The P.D., Harrell wants to enter a motion. As he starts, S.A., Pepmeyer asks for a sidebar. When the lawyers returned to their seats, Harrell wants the judge to admonish the defendant of the possible penalties for the last seven counts of the indictment.Oops...just about left that out. The judge says that counts 11-15 are class X felonies, punishable by 6-30 years ( 60 if aggravators are found ) the last 2 counts I didn't catch. My notes from the last hearing say they are class 2 felonies with punishment ranging 3-15 years, a $25,000 fine and 2 years supervision after release.
S.A. Pepmeyer then requested a pre-trial discovery order on or before September 12. P.D. Harrell wants October 23. Pepmeyer says he is concerned about the speedy trial rule. Judge Stewart makes it clear any delay will be "on" the defense. Harrell agrees and the judge then rules September 21 on discovery and October 6 at 9 a.m. for a pretrial hearing. The judge then advises Sheley that by Illinois law he is entitled to a second defense attorney and reminds him that he must be qualified for capital litigation.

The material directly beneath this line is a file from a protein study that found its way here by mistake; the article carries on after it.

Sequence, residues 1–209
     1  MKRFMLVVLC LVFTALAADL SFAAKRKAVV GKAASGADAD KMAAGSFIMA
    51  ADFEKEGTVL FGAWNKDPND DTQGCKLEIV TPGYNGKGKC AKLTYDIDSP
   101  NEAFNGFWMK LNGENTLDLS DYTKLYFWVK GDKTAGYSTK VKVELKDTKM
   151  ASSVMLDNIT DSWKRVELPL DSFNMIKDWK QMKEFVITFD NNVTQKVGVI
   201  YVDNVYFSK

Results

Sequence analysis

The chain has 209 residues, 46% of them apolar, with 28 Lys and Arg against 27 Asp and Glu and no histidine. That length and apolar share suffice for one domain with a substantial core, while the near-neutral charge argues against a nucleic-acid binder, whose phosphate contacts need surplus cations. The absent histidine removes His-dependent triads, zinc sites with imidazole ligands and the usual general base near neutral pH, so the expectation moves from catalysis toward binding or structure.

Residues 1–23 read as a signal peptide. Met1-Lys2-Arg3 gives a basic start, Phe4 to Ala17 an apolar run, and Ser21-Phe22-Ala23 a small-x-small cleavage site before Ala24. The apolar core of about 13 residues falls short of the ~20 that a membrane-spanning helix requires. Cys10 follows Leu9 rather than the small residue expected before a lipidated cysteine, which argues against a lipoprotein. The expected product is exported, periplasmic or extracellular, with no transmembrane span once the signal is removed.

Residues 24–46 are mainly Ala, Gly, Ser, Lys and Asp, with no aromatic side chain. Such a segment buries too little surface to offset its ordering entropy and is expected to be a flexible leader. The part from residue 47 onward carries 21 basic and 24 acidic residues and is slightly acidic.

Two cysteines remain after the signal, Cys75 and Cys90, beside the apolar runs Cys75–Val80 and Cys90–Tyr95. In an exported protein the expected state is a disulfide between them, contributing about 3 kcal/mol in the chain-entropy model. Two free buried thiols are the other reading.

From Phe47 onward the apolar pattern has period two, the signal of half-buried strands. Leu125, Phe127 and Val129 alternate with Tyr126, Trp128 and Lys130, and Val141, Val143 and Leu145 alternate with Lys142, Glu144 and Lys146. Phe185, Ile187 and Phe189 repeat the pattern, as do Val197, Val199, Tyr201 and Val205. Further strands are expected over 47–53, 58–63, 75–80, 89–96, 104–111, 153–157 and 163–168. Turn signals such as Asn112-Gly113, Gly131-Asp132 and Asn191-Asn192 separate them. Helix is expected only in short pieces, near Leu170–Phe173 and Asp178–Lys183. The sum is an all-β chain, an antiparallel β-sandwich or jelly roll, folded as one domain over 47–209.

Harrell enters his motion to enter a permanent preserve evidence order. Judge Steven Bordner had entered an emergency order on July 11th and he wants it continued. Judge Stewart tells the prosecution all evidence they have should be preserved. The case is continued to October 6 at 9a.m. and the hearing is over.